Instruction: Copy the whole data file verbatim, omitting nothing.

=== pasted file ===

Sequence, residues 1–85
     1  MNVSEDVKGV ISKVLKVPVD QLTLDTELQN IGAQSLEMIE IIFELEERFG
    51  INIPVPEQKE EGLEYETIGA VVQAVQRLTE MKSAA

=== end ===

Sequence, residues 1–85
     1  MNVSEDVKGV ISKVLKVPVD QLTLDTELQN IGAQSLEMIE IIFELEERFG
    51  INIPVPEQKE EGLEYETIGA VVQAVQRLTE MKSAA